Friday , 26 April 2019

Democracies such as India need more anarchy

Mark Tully


John Kenneth Galbraith, the renowned economist who was a much-loved American ambassador to India, described this country as a functioning anarchy. Most people would say any more anarchy could render India non-functional. But talking to an anarchist, Cairn Ross, has left me wondering whether not just India but many other democracies might need more anarchy.

Ross comes from an unlikely background. He was a British diplomat and there couldn’t be a less anarchic, more protocol-conscious profession than that. But he became dissatisfied with the way diplomatic negotiations were conducted and eventually resigned from the British Diplomatic Service after giving evidence challenging the line the government took in the Iraq War enquiries. Ross then founded an NGO called Independent Diplomat, advising non-State groups on conducting their international diplomacy and advocating anarchy.

For Ross anarchy means no one should have power over others and people should govern themselves. He told me “I start from the premise that democracy is not working well in an awful lot of places including Britain, America and India because people are being governed by small groups only allegedly elected by them”. Ross believes in “a political outlook rooted in the notion of direct democracy in which power moves from the bottom upwards”. The fundamental aim is to take the power to make decisions from those in the British case Ross describes as “the tiny minority in Westminster”, and give it to the people.

How is this power to be exercised? Ross says by communities negotiating among themselves to reach decisions. He quotes the example of Porto Alegre in Brazil, where since 1990 citizens rather than politicians allocate a significant proportion of the budget. Studies have shown that the result has been a far more equitable distribution of the city’s resources.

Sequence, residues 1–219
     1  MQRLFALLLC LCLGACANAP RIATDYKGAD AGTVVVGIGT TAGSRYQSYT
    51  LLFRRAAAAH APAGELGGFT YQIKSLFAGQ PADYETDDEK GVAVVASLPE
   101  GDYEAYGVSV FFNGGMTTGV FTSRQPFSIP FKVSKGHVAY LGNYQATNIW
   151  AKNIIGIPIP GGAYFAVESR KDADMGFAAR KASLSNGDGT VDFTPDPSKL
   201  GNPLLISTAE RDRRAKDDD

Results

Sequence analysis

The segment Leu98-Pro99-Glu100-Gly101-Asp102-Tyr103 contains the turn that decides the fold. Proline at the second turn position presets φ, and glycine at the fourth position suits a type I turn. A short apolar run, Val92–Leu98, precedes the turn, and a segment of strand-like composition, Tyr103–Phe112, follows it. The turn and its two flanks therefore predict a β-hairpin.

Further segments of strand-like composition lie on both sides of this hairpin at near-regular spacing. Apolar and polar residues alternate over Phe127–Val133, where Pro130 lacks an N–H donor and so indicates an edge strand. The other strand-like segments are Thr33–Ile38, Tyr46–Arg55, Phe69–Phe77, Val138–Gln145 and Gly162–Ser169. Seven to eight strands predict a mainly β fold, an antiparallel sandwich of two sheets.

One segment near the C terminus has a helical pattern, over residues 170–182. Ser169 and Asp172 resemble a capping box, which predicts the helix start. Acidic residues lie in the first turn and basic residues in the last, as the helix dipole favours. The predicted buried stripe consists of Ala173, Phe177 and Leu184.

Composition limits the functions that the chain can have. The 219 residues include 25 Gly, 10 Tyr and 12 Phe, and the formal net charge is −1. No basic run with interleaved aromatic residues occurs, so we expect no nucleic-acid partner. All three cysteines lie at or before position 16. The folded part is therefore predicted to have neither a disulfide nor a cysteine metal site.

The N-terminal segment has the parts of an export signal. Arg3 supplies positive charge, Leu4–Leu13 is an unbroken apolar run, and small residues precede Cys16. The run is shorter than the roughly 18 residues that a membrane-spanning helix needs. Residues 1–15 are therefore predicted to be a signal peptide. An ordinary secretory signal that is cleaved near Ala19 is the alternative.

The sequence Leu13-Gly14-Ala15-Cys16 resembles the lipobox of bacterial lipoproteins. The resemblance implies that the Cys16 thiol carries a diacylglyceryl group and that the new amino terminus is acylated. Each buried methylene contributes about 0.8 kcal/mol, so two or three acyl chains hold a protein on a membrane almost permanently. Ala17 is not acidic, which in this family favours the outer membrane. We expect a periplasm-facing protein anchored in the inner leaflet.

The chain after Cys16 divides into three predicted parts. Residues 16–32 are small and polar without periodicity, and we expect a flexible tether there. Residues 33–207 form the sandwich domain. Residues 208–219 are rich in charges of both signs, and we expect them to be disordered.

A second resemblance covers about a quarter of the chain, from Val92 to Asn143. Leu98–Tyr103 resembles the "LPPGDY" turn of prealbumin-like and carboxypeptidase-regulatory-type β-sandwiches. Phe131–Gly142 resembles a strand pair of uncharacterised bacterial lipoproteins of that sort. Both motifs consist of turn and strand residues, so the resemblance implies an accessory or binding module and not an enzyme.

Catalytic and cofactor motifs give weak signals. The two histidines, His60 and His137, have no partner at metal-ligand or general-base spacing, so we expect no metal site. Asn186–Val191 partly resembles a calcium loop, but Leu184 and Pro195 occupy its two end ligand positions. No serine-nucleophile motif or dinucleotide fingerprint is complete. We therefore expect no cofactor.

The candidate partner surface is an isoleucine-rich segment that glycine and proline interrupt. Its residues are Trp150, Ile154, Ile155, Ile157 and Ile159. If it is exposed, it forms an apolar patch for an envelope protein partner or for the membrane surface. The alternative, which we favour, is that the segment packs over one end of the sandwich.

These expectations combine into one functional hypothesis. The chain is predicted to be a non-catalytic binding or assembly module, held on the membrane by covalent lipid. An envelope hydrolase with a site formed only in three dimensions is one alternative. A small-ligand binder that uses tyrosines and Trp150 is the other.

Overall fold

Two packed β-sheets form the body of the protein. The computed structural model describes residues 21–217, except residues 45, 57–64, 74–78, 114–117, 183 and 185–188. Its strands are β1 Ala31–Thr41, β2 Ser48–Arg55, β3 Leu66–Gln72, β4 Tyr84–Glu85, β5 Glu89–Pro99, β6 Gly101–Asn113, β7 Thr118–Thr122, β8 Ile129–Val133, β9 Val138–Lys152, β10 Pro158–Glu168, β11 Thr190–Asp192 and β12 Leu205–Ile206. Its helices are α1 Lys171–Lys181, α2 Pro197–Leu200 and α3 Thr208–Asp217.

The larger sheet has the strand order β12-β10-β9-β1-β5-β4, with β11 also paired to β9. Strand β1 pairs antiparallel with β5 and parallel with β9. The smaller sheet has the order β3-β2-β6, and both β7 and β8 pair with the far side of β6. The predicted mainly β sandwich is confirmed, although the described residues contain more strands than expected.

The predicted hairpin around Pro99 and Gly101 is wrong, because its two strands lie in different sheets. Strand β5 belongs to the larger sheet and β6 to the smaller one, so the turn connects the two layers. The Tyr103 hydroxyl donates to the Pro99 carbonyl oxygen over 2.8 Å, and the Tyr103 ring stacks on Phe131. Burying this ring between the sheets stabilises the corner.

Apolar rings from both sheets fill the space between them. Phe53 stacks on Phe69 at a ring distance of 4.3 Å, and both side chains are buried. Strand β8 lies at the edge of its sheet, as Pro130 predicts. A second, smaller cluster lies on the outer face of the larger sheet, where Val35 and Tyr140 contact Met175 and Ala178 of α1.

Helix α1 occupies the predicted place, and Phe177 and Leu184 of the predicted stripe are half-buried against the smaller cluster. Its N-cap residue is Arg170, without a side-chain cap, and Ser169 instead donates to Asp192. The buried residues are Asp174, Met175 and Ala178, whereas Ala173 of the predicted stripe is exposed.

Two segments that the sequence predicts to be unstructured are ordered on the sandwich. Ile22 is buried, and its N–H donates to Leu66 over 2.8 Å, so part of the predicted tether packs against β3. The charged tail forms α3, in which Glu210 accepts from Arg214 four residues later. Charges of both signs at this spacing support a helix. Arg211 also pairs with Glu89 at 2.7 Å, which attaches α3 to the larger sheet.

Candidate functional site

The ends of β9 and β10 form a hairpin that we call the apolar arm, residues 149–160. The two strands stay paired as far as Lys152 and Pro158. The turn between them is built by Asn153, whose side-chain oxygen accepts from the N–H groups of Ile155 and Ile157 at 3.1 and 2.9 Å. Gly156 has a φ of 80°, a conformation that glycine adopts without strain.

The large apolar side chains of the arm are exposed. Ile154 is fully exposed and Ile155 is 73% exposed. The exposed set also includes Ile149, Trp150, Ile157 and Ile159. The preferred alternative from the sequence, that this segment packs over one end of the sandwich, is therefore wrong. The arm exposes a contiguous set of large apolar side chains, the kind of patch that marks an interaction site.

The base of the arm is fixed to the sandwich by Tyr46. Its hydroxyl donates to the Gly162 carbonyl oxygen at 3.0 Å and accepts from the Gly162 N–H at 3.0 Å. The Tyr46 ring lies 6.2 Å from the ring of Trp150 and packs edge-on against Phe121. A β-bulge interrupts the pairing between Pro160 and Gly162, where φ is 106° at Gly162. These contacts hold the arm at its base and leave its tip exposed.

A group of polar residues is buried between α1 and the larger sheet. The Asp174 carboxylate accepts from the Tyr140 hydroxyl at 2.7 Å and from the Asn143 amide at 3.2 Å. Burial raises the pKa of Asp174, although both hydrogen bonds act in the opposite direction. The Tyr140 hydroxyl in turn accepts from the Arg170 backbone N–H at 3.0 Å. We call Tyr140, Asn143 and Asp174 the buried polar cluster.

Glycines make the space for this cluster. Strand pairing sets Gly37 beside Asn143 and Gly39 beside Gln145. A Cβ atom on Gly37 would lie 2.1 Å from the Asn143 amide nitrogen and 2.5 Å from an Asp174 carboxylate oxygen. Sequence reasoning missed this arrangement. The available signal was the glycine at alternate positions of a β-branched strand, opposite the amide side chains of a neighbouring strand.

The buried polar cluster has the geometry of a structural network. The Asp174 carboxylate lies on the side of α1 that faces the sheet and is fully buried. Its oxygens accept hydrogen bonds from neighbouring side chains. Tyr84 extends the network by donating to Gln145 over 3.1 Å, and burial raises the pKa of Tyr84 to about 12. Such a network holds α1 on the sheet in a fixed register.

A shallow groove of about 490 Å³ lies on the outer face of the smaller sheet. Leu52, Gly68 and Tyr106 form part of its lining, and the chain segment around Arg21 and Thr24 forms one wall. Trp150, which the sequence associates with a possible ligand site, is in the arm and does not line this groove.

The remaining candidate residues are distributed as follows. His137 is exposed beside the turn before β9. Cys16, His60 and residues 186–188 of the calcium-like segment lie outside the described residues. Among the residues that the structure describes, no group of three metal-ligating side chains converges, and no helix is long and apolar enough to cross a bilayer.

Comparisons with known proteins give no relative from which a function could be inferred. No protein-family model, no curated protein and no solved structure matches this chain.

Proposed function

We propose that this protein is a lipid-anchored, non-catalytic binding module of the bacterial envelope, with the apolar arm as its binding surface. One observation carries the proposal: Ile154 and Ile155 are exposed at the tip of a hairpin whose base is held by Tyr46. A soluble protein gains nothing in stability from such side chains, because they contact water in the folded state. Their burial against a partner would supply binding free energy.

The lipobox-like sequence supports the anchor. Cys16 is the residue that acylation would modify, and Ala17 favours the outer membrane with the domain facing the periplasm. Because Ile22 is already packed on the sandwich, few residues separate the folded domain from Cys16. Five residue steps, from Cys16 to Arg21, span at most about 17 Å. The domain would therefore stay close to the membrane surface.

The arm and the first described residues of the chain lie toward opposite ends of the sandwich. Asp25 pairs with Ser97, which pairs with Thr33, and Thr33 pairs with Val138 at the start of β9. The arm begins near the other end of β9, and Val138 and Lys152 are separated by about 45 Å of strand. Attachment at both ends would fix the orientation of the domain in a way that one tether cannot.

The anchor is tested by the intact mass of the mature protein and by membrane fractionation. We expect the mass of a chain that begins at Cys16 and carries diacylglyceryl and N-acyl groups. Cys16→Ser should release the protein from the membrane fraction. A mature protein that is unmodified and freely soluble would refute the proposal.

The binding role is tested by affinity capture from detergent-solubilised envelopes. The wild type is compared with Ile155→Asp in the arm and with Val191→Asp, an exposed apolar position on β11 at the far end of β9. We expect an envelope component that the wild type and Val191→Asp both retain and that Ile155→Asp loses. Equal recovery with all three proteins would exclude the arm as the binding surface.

Can this work beyond the city level? Ross believes it can be scaled up to the regional level provided people have the power to recall representatives who fail to negotiate for the decisions negotiated at the grassroots level. However Ross doesn’t think it is necessarily desirable to scale this up to the national level. But he adds a proviso. He doesn’t believe there are many decisions which need to be taken at that level. Electoral politics he sees as “incredibly divisive.”

Panchayati Raj was instituted to do just what Ross advocates. Decisions are taken at the grassroots and they are scaled up to the district level. Although elites can still dominate decision-making with the delegation of financial powers to panchayats, village governance has become more democratic.

Ross’s anarchy may seem to be unrealistic but that doesn’t mean that his criticism of the present state of democracy in India and elsewhere is not valid. Indian parties have turned into election fighting machines. MPs and MLAs claim that they represent the people but they are chosen by machinations and manoeuvring. Political fund raising is one of the main causes of corruption. An ever increasing number of decisions in India are taken at the national level. The political rhetoric is divisive and politicians divide people on the basis of caste and religion. Ross maintains that the practice of people negotiating with each other leads to “a deeper order and a much more stable and flexible system.”

In India and elsewhere the faults in democracy are frequently shrugged off by quoting Churchill’s famous description of it as “the worst form of government but better than any other.” But do we have to accept that dismal view? If anarchy is written off as unrealistic shouldn’t democracies around the world at least be seeking to remedy some of the faults in the system as practised today, to make democracy less worst I might say.


(HT Media)

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